Hydrocitizenship was a three year project (2014-2017) that combined academic research with community participation and creative activities. It will help us to reflect on the notion of citizenship in relation to environmental (and especially water-related) concerns and how this can move us towards a more sustainable society.
The project is about looking at how individuals and communities relate to water and the issues associated with it; how these were dealt with in the past; current environmental concerns and conflicts and future resilience in the face of change. Relationships within communities and between communities can be developed through exploring the stories of past and current relationships between people and water.
Water is a fundamental resource for society, and at present a range of challenging water issues face communities in the UK and internationally. These include concerns about flooding, sea level rise, climate change, drought and supply security, water quality, biodiversity and landscape quality, access for recreation, water and energy, effective urban drainage, and waste management.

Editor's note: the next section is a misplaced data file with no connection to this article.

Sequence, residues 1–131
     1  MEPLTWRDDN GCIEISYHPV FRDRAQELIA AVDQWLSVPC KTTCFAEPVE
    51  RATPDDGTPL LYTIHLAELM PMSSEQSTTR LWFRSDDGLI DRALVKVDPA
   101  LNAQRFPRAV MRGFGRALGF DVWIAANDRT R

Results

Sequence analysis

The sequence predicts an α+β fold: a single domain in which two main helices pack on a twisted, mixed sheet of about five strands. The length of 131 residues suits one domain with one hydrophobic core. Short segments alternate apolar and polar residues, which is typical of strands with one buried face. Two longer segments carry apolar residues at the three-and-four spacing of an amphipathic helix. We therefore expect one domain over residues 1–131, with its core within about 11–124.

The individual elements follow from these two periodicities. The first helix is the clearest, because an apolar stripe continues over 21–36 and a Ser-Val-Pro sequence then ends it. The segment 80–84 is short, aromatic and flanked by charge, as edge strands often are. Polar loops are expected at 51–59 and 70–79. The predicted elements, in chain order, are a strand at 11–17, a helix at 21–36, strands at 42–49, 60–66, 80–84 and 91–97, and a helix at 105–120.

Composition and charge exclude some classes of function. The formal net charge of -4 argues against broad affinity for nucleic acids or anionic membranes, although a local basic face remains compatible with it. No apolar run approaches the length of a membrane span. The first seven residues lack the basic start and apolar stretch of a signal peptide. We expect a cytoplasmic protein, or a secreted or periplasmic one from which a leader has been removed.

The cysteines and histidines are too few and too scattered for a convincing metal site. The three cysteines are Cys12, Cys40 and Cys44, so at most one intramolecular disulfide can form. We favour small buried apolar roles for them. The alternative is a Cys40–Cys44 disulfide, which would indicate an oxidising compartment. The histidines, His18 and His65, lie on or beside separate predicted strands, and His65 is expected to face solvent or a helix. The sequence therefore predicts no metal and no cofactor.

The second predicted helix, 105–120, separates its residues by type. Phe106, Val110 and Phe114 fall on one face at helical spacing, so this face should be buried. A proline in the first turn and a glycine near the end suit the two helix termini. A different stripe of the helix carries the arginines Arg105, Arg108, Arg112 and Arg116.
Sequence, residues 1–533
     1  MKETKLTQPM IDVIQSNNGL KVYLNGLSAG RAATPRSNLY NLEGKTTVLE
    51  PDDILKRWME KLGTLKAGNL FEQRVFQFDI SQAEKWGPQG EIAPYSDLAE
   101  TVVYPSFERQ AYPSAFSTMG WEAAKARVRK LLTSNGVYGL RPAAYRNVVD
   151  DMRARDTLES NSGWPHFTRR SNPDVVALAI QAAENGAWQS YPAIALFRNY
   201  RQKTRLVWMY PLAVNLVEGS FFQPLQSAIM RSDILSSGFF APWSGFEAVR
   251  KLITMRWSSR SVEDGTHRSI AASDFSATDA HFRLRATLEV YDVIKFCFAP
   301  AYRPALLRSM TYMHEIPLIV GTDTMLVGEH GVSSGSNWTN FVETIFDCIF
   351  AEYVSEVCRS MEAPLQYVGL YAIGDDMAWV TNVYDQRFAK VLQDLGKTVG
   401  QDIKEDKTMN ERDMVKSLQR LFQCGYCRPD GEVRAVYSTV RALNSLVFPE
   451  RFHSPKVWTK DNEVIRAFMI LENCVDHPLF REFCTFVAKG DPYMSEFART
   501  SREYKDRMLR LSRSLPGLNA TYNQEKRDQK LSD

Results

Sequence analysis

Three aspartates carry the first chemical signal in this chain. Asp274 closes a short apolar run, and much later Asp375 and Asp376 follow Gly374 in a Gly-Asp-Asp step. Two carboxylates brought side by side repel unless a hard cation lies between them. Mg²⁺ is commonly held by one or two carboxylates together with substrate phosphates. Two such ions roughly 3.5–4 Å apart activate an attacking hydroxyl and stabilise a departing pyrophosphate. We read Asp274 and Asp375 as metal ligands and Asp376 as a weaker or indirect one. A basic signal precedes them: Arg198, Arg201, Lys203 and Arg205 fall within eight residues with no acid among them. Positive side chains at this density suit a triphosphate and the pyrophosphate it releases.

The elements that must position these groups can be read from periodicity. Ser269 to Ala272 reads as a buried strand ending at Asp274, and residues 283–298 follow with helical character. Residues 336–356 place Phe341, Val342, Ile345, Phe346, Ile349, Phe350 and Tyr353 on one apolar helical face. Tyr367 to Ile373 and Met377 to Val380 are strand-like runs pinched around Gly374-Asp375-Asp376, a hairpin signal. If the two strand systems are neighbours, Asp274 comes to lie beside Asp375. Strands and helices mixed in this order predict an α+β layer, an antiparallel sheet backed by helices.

There are four case study areas: the lower Dyfi catchment in the Ceredigion part of the Dyfi Biosphere; Bristol ; the Lee Valley in London; and Shipley in West Yorkshire. Each case study area has a team that includes academics, artists and community practitioners, who will share skills, methods and experience and who will work closely with the people in their study areas.
We want to start conversations about water. Locally, we want to understand what is important to people and who would like to be involved in expressing this creatively. We hope that this attention will not only increase understanding but inform and inspire actions (outside of this project) that respond to the issues raised.